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Hong Kong Confirms H5N1 Positive Uncle in Lampung Indonesia
October 10, 2005
The Hong Kongese laboratory again gave the report on a patient from Indonesia positive was infected by birds flu. The patient namely Hendriansyah (21) that currently still is treated in RS Abdul Moeloek, Banda Lampung.
The above machine translation indicates H5N1 has been confirmed in the uncle of the latest case confirmed case in Lampung. Thus, the uncle has now been lab confirmed in Lampung and Hong Kong, while the nephew has been confirmed in Lampung. Results from Hong Kong will likely also confirm.
Both of these cases were mild, as was the 5 year old brother, Hesiyansyah, of the Hong Kong confirmed case. However, the brother was released with a diagnosis of "typhus". Testing of the released brother's serum from antibodies to H5N1 would be useful. False negatives are common, and such negatives can be easily generated.
In the current familial cluster, the uncle had exposure to dying chickens. However, there was no mention of dying chickens in the description of his 4 year old nephew. The nephew developed a fever and the family physician suggested he be admitted to the infectious disease hospital and showing symptoms for 3 days. Testing in Lampung has confirmed H5N1, but the nephew's temperature has already returned to normal and the case appears to be very mild.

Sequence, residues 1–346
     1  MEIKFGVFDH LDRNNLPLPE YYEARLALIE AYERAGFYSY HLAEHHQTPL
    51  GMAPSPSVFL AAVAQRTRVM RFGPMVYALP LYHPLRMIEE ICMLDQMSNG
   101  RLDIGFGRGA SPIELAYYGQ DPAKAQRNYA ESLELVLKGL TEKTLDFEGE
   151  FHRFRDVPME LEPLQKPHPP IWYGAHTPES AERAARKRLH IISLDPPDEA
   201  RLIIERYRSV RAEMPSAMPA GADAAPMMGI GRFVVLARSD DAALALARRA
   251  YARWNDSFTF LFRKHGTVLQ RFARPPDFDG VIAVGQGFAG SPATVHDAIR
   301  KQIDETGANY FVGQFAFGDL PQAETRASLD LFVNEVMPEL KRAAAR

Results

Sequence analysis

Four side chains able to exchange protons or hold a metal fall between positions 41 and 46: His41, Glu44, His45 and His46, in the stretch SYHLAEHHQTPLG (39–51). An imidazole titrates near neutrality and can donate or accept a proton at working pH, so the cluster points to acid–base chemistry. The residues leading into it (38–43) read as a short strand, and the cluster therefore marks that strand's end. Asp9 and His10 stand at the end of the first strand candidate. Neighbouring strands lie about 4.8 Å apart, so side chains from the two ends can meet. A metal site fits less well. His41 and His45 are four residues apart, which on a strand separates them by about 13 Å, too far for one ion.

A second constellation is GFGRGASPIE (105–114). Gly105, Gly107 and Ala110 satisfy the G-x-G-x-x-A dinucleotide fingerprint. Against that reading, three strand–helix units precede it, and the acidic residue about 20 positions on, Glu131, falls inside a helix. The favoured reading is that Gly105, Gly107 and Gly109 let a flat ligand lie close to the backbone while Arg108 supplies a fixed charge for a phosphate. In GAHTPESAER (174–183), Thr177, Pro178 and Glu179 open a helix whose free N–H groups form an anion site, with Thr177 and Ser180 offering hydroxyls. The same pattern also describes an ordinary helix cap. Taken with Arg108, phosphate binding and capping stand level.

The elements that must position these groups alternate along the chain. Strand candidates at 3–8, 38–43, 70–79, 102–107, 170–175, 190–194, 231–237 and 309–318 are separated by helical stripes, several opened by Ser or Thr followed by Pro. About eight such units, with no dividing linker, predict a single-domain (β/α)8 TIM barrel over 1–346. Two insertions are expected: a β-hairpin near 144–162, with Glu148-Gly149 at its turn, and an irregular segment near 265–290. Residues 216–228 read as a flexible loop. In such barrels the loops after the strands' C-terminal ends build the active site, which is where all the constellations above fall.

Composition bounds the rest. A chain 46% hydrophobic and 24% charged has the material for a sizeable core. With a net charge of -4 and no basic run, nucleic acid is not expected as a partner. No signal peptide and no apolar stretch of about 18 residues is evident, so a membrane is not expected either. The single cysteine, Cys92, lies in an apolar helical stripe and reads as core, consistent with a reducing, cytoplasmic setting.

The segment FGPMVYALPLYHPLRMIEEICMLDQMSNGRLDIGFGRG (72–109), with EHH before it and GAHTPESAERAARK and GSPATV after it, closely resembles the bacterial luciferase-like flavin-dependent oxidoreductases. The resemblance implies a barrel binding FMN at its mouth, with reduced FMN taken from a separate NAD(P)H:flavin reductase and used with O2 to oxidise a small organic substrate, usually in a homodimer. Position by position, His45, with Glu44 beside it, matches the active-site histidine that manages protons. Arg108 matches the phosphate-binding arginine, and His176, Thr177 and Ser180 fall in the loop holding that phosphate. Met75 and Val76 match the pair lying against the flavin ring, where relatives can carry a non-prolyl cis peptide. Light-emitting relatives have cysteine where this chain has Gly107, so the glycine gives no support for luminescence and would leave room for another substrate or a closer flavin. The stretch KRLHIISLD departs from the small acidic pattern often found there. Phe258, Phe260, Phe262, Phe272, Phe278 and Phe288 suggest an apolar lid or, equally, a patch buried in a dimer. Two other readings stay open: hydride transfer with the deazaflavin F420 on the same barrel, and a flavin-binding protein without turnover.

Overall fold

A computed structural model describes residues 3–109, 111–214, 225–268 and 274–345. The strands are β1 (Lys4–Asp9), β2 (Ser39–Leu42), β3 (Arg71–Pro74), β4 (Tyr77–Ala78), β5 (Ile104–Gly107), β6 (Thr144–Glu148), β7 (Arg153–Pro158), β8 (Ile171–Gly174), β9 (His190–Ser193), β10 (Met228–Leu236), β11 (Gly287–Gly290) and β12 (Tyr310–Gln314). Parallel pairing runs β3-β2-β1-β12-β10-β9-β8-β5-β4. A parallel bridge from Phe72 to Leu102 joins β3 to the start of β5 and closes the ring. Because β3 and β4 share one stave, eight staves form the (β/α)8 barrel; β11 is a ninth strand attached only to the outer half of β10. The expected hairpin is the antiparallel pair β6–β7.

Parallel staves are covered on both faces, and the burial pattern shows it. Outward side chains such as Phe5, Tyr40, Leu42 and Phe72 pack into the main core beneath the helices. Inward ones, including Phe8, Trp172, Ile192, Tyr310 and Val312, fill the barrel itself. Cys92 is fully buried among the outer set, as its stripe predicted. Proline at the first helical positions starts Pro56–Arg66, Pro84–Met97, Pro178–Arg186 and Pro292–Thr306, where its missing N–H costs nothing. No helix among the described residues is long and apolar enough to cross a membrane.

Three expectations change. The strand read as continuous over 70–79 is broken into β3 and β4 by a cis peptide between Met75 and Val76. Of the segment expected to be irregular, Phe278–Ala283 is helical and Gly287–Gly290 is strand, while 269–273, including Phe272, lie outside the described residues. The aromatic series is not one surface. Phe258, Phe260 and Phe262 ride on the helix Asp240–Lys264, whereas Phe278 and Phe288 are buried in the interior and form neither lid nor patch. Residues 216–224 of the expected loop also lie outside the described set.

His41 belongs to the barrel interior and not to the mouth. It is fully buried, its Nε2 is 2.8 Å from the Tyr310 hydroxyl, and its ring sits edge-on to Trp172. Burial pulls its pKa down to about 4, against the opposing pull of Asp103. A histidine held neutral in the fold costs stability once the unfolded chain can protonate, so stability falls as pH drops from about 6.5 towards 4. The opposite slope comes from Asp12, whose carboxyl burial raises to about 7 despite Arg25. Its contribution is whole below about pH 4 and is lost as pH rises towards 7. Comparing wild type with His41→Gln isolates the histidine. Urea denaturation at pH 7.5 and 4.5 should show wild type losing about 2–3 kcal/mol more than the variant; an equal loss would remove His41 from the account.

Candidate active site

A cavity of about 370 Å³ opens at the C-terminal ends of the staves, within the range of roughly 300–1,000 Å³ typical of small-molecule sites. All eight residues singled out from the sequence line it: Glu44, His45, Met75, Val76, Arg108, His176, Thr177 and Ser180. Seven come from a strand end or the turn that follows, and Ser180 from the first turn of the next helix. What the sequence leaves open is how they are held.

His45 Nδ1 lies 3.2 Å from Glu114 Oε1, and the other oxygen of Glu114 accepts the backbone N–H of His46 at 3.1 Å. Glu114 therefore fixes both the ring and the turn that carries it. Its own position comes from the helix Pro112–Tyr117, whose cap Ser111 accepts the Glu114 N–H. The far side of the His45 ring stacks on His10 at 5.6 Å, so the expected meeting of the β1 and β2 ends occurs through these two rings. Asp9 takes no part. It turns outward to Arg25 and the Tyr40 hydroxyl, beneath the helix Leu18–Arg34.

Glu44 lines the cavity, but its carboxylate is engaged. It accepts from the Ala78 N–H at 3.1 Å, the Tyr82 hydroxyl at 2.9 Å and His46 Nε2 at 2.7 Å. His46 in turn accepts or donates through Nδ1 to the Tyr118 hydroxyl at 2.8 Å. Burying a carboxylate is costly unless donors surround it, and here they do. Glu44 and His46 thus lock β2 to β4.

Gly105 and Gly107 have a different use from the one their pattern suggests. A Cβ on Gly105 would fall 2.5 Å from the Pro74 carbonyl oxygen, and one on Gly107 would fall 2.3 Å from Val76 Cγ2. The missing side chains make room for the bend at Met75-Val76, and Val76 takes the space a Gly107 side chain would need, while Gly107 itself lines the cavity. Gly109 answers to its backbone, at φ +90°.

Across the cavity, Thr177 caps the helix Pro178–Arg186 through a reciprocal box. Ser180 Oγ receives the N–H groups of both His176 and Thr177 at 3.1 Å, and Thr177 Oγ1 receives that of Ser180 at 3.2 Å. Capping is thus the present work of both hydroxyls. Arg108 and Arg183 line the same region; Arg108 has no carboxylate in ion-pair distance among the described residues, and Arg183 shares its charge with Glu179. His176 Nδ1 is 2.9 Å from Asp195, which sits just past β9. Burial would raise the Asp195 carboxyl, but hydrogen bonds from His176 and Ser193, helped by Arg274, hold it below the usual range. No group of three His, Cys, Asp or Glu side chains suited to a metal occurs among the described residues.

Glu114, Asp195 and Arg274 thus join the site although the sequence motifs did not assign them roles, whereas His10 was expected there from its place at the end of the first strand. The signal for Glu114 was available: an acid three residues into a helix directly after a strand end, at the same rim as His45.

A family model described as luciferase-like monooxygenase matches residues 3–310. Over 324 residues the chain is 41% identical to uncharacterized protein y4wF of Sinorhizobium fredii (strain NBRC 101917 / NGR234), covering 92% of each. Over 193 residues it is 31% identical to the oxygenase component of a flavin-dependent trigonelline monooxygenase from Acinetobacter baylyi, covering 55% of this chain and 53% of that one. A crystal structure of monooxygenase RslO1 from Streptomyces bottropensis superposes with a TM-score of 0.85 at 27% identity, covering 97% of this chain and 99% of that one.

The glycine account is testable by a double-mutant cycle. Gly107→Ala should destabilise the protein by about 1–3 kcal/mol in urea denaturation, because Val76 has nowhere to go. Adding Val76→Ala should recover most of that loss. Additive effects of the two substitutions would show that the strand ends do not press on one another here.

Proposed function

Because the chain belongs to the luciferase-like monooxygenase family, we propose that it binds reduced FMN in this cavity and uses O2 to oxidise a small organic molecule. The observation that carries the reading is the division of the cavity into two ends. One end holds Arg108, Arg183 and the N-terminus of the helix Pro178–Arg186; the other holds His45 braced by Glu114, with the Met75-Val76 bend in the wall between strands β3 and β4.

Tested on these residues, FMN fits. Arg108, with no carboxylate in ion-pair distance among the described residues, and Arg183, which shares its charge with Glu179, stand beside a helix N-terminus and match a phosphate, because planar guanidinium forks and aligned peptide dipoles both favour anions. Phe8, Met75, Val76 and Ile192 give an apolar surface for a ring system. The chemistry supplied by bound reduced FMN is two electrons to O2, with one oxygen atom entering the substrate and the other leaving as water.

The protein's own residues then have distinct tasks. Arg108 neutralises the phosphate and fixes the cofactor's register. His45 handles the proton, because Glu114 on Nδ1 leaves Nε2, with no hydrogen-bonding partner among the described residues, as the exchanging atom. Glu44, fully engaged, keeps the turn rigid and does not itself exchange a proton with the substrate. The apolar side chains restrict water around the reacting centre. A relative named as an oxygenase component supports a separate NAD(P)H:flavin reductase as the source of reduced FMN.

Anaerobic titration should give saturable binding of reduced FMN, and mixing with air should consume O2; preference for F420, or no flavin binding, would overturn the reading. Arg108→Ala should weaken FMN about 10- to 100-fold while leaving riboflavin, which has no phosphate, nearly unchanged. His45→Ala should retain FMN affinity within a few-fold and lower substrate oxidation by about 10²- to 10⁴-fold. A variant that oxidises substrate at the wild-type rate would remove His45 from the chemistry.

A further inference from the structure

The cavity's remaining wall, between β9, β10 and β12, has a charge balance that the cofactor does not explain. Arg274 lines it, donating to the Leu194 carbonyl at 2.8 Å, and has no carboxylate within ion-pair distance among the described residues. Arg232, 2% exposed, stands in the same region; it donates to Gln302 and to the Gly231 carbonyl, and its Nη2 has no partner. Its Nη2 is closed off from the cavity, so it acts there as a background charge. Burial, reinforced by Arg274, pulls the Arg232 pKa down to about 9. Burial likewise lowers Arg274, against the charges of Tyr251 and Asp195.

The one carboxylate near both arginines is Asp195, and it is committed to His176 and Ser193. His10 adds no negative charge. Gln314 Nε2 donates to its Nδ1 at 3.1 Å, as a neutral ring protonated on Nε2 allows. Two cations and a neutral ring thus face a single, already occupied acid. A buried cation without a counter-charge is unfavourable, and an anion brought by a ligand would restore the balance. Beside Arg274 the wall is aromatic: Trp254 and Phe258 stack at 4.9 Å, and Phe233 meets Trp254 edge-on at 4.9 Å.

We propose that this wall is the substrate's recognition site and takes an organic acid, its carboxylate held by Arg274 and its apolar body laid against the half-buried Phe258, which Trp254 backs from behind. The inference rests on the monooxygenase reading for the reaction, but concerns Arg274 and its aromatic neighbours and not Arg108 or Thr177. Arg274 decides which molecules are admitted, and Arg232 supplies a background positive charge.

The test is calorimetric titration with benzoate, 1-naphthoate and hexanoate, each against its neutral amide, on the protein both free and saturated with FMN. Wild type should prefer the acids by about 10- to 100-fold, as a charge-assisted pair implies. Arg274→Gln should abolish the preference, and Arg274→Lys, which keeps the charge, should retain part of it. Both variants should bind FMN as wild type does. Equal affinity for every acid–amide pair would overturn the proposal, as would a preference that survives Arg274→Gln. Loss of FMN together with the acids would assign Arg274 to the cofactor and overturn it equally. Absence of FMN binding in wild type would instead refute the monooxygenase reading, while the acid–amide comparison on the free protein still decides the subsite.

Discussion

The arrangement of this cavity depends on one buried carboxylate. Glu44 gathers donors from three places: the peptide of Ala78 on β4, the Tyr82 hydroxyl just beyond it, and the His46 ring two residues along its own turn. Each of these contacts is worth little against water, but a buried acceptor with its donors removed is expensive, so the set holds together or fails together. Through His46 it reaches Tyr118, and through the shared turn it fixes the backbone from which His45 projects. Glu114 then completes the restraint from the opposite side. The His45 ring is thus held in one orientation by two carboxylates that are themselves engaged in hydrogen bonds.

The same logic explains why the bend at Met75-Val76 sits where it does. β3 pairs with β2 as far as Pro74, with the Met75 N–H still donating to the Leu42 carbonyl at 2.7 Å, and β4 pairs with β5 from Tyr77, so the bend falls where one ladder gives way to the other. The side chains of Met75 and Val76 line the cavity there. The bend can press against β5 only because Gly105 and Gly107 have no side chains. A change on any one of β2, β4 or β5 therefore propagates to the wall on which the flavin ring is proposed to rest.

Because the case was so mild, it is unlikely that the case would have been admitted had there not been the connection with his hospitalized uncles. It seems likely that there are many more mild cases who are misdiagnosed as human flu. When 115 zoo visitors came to the infectious disease hospital with mild symptoms, they were turned away. It is not clear that samples were collected from any of these patients. Nor is it clear that they were hospitalized or followed.
The mild cases in Jakarta and throughout Indonesia and the world are easily missed. Monitoring of these patients remains scandalously poor. It is unknown how many of the zoo visitors were H5N1 positive, or how many passed H5N1 on to others. The situation in Indonesia demands a serious screening effort, yet it would appear that efforts are being imposed to limit cases.
The latest suspect case, Cahyadi (50M) died 20 minutes after transfer to the infectious disease hospital, Sulianti Saroso, in Jakarta. He had been hospitalized for 3 days at the primary care facility, RS Budhi Asih. The number of cases at the primary facilities who recover and are sent home without testing is unclear.
However, it would appear that casual transmission of H5N1 in Indonesia is common and it is not being properly monitored.